• Change the tax laws to boost charitable giving

    The federal government should start to address that shortfall in its spring budget by bringing in a straightforward measure that could increase donations to Canadian charities by some $200 million a year.
    The measure involves broadening the tax exemption on capital gains for charitable donations.

  • Eight Solutions to Canada’s Housing Crisis

    The first step is the simple commitment to get it done. The federal government has opened the dialogue with its Let’s Talk Housing initiative and will be publishing a national housing strategy in 2017… Solution 1: Restrict foreign ownership and end tax evasion… Solution 2: Use municipal powers… to require developers to make 30 per cent, 50 per cent, or 100 per cent of new units of a development affordable and family-friendly, creating mixed-income communities.

  • The last liberals

    … though there are some misgivings, some 80% of Canadians think immigrants are good for the economy… Two linked factors bolster this pro-immigrant feeling. One is a matter of geography… The second is a matter of policy. Canada’s points system gives the government a way to admit only the sort of people it thinks the country needs. This ability to regulate the influx fosters public approval… Another reason why Canadians are not worried about immigration is that they feel less insecure… Poverty has fallen sharply since the mid-1990s.

  • How much diversity do Canadians want?

    Newcomers are going to move to where the jobs and opportunities are. They are going to compete for housing and health care and teachers and other public goods and services that are sometimes in short supply… in liberal discourse, any resistance to immigration on any grounds makes you a racist, and any questions about immigration policy are perceived as illegitimate. People get frustrated by that.

  • Identity politics done right

    Certain rhetorical strategies are bound to be more effective… than others. Writing that enlightens, amuses or delights is far more likely to capture the interest and sympathies of a broad audience than writing that is mournful, accusatory, disparaging or strident… But I do know what it takes for me to remain engaged in something as a reader. It is, in short, not much different from what it takes to keep me engaged in a conversation. I want to be treated as though I am in the company of a friend.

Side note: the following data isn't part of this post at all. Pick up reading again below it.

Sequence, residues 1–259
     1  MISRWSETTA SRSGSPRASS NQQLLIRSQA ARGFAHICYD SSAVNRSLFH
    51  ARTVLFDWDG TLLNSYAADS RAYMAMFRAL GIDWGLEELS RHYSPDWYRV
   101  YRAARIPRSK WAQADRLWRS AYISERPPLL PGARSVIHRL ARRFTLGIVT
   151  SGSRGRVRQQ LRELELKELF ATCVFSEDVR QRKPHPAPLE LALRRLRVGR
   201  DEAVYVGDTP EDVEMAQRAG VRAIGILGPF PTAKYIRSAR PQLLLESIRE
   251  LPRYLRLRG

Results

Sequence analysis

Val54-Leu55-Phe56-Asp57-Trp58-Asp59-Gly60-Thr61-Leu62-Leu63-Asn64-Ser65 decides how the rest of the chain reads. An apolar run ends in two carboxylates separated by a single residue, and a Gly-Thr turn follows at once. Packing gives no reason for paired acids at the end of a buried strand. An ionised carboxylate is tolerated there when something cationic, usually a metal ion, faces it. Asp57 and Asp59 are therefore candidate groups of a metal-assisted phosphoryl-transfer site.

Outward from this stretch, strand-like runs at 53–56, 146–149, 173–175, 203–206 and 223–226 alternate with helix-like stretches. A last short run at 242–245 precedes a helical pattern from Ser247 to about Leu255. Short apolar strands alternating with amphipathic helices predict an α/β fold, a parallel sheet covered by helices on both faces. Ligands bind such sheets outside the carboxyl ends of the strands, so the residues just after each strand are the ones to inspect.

• Vital Signs report challenges Toronto to do better

    One child in four in Toronto is being raised in poverty, a number that has hardly budged in 20 years. Five of the 15 federal ridings in the country with the highest rates of child poverty are here, and the city has the highest poverty rate of all large Canadian cities… as Toronto becomes richer it has also become a much more unequal place… The number of people relying on food banks keeps growing, and the need is moving from the central core to the inner suburbs… Housing is at a crisis point.

  • Accessibility and inclusion: Imperative for Canada’s future

    1. Attitudes toward disability and the stigma that goes with it must change. 2. People must be aware of and understand the true impact that disability has and will have on us all. 3. Barriers in the built environment must be removed to ensure access for all to the places we live, work and play… Access4All is challenging schools and community groups from across Canada to take on “Barrier Buster” projects, aimed at improving the accessibility of public places and spaces, such as schools, libraries, and playgrounds.

  • ‘Canadian values’ conceal Canadian violence

    … the suggestion that immigrants need to be screened for repugnant values pretends that violence and intolerance are strange and foreign things in Canada. Sexism, homophobia, and bigotry are imagined to be evils brought into the country by dangerous outsiders, rather than problems deeply rooted in Canadian cultural soil… The problem is not that the barbarians are at our gates. It is that we think the world can be divided into those who are barbaric and those who are not.

  • When it’s too costly even to be poor

    … in three remote Ontario reserve communities. They found food insecurity is rampant; people are being gouged by retail monopolies; not enough communities meet eligibility requirements; and there is deficient transparency in terms of data collection… If we are going to incur the considerable expense of subsidizing life in remote northern communities – and evidently we are – let us at least do a competent and effective job of it.

  • The taxman versus the charity, and vice versa

    What the CRA’s auditors found, instead, was that Canada Without Poverty was devoting a fulsome 98.5% of its financial resources to politically partisan activity… Who doesn’t hate poverty? But what donor, regardless of political stripe, wants his or her charitable donation going almost wholly to fighting politicians rather than fighting poverty?